358 The policemen proceeded to Matchiding, where Sergeant Mthombeni led them to the house of George Shabangu’s girlfriend, Ms Connie Mokwena. George was at the house and was also arrested and taken with his brothers to the Siyabuswa Murder and Robbery Unit.
359 On arrival, the younger brothers were placed in separate interrogation rooms across a garden from the room to which George was taken. Stephen was questioned twice regarding the gun. He stated then, and continues to affirm, that he had no knowledge of the gun. During a break in the questioning, Stephen witnessed two of the policemen, Dumisani Mahlangu and Eric Magagula, driving off in a pale brown minibus. When they returned some fifteen minutes later, Van Schalkwyk allegedly rushed to the combi to fetch a brown case. While Van Schalkwyk was on his way back to the room in which George was held, Stephen allegedly overheard the policeman say words to the effect that George was in for a hard time.
360 Shortly after Mahlangu, Magagula and Van Schalkwyk entered the room in which George was being held, Stephen and Lucas heard screams which they believe to have been from their brother. The screams lasted for approximately an hour before they suddenly ended. When the screams stopped, Mahlangu, Magagula and Mthombeni returned to Lucas and Stephen to take them home. When the brothers inquired after George, the policemen told them not to worry as he was in their care.
361 Later that night, Magagula and Van Schalkwyk returned to the Bundu Inn to report that George Shabangu had allegedly escaped that evening while pointing out an arms cache in the Marapong area. George Shabangu has not been seen since.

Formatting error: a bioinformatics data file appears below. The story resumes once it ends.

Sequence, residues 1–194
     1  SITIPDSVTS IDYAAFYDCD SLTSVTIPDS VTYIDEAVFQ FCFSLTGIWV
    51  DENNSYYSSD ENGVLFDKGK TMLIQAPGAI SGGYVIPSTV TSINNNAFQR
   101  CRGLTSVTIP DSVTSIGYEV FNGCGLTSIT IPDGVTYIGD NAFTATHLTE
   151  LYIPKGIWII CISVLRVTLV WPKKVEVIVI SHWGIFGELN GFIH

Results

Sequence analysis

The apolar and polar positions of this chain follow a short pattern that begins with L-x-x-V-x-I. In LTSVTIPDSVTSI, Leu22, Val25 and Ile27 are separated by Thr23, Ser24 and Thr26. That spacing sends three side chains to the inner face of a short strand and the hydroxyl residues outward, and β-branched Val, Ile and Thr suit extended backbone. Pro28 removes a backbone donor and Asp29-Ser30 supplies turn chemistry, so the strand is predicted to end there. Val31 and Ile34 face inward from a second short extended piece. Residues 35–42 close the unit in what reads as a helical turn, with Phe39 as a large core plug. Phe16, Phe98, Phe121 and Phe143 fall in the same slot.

362 Four section 29 subpoena hearings were conducted with respect to the incident and several sworn affidavits were collected. A report on the Commission’s investigations into the disappearance of George Shabangu has been forwarded to the Attorney-General for consideration.
THE COMMISSION FINDS THAT MR RAMATUA NICHOLAS THLAPI WAS LAST SEEN IN THE CUSTODY OF THE POLICE BASED AT JOUBERTON POLICE STATION IN 1986. THE COMMISSION FINDS THAT HE WAS ASSAULTED AND TORTURED BY WARRANT OFFICER VILJOEN, SERGEANT MAKITI AND CONSTABLES TSELADIMITLWA, TSHWAEDI, MAJAJA AND MANO OF THE JOUBERTON SECURITY BRANCH. THE COMMISSION FINDS THE JOUBERTON SECURITY BRANCH RESPONSIBLE FOR MR THLAPI’S DISAPPEARANCE, AND FINDS THAT IN ALL PROBABILITY HE WAS KILLED BY THE JOUBERTON POLICE IN WHOSE CUSTODY HE WAS LAST SEEN. THLAPI’S DISAPPEARANCE AND DEATH CONSTITUTE GROSS HUMAN RIGHTS VIOLATION FOR WHICH THE COMMISSION HOLDS THE COMMISSIONER OF POLICE, THE HEAD OF THE SECURITY BRANCH AND THE MINISTER OF LAW AND ORDER RESPONSIBLE.
WITH RESPECT TO THE CASE OF MR GEORGE SHABANGU, THE COMMISSION FINDS THAT :
THE COMMISSION FINDS IT UNLIKELY THAT THE POLICE WOULD HAVE CONDUCTED A NIGHT-TIME SEARCH FOR AN ARMS CACHE WITH A SUSPECT THEY CONSIDERED DANGEROUS – AND WITHOUT TAKING SHOVELS OR TORCHES. THE COMMISSION REJECTS THE ASSERTION BY THE KWANDEBELE POLICE THAT MR GEORGE SHABANGU ESCAPED WHILE POINTING OUT AN ARMS CACHE. THE COMMISSION HOLDS THE KWANDEBELE POLICE RESPONSIBLE FOR THE DISAPPEARANCE OF MR SHABANGU ON 6 FEBRUARY 1987 AND FINDS THAT IN ALL PROBABILITY HE WAS KILLED BY THE KWANDEBELE POLICE, IN WHOSE CUSTODY HE WAS LAST SEEN. THE COMMISSION FINDS THE DISAPPEARANCE AND DEATH OF MR SHABANGU TO CONSTITUTE A GROSS VIOLATION OF HUMAN RIGHTS, FOR WHICH THE HEAD OF THE KWANDEBELE POLICE MUST ACCEPT RESPONSIBILITY.